Republicans Invoke 18th Century Doctrine to ‘Nullify’ Health Care Law
BOISE, Idaho – Republican lawmakers in nearly a dozen states are reaching into the dusty annals of American history to fight President Obama’s health care overhaul.
They are introducing measures that hinge on “nullification,” Thomas Jefferson’s late 18th-century doctrine that purported to give states the ultimate say in constitutional matters.
GOP lawmakers introduced such a measure Wednesday in the Idaho House, and Alabama, Kansas, Maine, Missouri, Montana, Oregon, Nebraska, Texas and Wyoming are also talking about the idea.
The efforts are completely unconstitutional in the eyes of most legal scholars because the U.S. Constitution deems federal laws “the supreme law of the land.” The Idaho attorney general has weighed in as well, branding nullification unconstitutional.
“There is no right to pick and choose which federal laws a state will follow,” wrote Assistant Chief Deputy Attorney General Brian Kane.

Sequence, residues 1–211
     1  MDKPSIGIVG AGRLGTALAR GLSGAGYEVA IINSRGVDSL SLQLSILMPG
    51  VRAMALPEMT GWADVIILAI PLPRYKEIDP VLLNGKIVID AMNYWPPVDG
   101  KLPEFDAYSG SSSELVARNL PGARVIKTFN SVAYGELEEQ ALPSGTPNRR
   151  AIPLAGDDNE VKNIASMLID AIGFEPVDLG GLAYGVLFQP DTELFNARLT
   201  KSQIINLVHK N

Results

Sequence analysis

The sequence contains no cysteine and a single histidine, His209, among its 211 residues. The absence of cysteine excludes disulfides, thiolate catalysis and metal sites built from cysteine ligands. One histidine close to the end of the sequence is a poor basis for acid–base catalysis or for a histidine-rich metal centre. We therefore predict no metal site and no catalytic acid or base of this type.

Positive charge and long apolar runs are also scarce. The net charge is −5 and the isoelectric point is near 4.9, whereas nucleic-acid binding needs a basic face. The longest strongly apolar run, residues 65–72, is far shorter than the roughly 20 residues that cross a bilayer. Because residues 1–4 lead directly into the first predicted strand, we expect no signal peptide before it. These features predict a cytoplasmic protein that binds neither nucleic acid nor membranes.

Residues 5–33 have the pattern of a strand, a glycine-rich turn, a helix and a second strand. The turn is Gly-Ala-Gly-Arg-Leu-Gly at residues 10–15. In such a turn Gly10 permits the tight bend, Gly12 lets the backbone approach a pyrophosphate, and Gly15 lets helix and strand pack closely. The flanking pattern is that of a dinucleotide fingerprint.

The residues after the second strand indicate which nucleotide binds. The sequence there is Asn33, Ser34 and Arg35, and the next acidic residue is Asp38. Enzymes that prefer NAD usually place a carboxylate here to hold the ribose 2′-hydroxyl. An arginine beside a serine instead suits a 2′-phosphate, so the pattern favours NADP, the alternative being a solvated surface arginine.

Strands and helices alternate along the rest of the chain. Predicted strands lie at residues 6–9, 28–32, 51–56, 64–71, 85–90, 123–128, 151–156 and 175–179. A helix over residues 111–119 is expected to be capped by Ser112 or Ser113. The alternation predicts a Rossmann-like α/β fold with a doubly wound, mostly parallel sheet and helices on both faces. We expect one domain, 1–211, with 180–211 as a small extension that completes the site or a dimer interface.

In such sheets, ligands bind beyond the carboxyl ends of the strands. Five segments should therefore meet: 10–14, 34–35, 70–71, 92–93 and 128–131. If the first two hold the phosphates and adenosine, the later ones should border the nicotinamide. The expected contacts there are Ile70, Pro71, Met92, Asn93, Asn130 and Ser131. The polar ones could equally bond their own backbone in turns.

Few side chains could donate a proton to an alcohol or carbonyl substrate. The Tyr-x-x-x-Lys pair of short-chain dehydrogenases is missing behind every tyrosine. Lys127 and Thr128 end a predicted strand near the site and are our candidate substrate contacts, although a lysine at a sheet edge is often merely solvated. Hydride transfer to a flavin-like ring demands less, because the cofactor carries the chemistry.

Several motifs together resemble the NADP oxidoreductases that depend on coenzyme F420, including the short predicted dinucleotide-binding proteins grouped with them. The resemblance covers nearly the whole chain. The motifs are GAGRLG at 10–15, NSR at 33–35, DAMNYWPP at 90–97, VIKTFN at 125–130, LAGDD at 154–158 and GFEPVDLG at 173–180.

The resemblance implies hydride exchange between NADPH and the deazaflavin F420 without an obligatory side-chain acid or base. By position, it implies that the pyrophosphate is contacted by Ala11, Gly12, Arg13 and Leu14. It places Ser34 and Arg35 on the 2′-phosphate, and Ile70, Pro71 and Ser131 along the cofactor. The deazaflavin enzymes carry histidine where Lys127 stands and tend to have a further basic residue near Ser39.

Regardless of the very dubious constitutional nature of the efforts, the nullification push has become a rallying cry in conservative states at a time when anti-government angst is running high and “state’s rights” are a popular belief among the tea party crowd.
Delegates at Idaho’s Republican convention last year urged seizure of federal lands and resurrection of the gold standard. Conservatives in Montana lined up the out the door of a legislative committee room last week to speak in favor of a bill that would make sheriffs the supreme local authorities, another measure widely believed to be unconstitutional.